The next morning we got up and went on a 4-hour hike up the canyon. It was breathtaking—a narrow gorge with a small crystal-clear stream running through.  On our hike up, we passed an enormous herd of sheep and goats. About an hour later, we passed two Berber women leading a few mules down the mountain. From the top of the gorge we had a spectacular view of the small town below.

That afternoon we took a bus to Ourzazate where we spent the night and in the morning continued our journey to Agadir. After a seven-hour bus ride we arrived in Agadir, a large cosmopolitan city on the Atlantic. On our first trip to Marrakesh, we had planned to visit Agadir, but after learning it was a large Europeanized city with little Moroccan culture or history, we skipped it in favor of staying two more nights in Essaouira. However, after traveling in small, traditional Moroccan cities for the last 2 months, being in a modern city was a nice change. I felt like I was in Los Angeles—large boulevards, high rises, nightlife, foreign restaurants, fancy hotels and lots of European and Moroccan tourists. After two nights in Agadir, we continued to Marrakesh in order to take a train back to Meknes.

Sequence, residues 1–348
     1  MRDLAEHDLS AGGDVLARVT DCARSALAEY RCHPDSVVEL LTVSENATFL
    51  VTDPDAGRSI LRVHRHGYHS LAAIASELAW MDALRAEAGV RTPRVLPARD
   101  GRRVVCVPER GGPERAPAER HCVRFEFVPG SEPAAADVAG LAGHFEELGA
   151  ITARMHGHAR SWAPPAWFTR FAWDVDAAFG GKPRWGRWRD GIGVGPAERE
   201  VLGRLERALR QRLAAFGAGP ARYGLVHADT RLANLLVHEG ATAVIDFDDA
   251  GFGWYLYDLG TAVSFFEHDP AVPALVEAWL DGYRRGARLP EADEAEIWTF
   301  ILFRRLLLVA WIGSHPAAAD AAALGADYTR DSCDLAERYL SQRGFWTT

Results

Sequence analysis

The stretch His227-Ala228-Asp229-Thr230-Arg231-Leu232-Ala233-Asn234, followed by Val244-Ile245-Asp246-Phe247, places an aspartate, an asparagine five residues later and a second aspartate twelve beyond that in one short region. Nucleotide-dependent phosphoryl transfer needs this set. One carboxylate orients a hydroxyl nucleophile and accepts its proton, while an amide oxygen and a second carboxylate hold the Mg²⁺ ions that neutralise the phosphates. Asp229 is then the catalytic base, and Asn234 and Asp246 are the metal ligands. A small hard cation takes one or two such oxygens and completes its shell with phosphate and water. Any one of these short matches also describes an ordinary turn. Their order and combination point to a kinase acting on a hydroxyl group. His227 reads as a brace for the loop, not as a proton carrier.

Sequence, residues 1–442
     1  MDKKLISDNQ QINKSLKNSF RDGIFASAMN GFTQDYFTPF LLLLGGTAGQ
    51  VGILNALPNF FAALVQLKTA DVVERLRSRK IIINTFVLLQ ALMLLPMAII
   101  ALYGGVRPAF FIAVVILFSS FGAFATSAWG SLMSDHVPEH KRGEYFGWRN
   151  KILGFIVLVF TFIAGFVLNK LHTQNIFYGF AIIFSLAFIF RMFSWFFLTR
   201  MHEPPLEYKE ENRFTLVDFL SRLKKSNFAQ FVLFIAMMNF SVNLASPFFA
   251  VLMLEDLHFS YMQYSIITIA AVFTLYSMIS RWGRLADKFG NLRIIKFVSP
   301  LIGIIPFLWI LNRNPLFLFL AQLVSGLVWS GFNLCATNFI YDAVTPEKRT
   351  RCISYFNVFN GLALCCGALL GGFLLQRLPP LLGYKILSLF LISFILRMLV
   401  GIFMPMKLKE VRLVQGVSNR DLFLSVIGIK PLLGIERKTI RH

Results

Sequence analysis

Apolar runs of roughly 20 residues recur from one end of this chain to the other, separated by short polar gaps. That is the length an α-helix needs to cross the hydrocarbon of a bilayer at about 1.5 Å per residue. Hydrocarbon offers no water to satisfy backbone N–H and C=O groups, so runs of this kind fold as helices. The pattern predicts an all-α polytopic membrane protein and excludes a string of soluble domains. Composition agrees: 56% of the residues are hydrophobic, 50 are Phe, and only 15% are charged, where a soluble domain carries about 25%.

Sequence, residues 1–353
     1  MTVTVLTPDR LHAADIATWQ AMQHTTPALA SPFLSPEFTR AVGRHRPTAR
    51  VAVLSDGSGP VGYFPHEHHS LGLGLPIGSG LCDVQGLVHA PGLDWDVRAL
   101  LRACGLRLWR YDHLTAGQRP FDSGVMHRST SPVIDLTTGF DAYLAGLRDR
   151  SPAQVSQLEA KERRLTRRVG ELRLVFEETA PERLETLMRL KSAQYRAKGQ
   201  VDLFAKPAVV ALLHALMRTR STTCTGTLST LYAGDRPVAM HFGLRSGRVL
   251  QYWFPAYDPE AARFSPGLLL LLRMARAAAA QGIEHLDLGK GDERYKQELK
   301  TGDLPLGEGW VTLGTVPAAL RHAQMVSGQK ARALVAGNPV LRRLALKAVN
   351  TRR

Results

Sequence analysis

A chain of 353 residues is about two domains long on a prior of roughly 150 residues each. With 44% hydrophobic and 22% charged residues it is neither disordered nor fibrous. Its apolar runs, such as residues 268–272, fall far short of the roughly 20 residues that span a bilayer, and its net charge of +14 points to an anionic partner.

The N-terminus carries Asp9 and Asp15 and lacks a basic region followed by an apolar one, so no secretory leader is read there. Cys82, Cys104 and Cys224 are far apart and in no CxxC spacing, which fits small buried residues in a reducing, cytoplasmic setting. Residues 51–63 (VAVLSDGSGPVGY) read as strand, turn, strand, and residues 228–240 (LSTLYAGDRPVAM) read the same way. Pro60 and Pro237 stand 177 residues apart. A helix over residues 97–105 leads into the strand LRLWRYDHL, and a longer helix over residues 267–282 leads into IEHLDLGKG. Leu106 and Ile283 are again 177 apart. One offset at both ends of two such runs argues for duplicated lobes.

Once again, Marrakesh was fun, but also tiring from all the hassling. However, it was actually entertaining a few times because we were no longer ignorant tourists who didn’t know the prices. For example, when we got out of the bus station there was a taxi driver offering to take us to the main plaza for 50 DH. However, I knew the price was 10 DH, so I just laughed at him and found a petit taxi. When trying to get a hotel, the manager was asking 120 DH for two people. Unfortunately for him I knew the price was 100 DH so I just held firm until he gave me my price. Bargaining can be a lot of fun, but you have to know the value of things or else you get ripped off.

Leave a Reply